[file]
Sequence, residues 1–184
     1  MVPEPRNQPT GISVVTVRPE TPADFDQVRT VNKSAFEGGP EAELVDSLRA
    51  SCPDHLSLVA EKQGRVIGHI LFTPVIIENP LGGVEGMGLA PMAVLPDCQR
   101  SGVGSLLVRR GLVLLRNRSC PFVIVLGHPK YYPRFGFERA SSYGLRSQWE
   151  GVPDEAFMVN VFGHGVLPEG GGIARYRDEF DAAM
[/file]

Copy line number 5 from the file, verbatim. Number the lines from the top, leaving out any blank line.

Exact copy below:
   151  GVPDEAFMVN VFGHGVLPEG GGIARYRDEF DAAM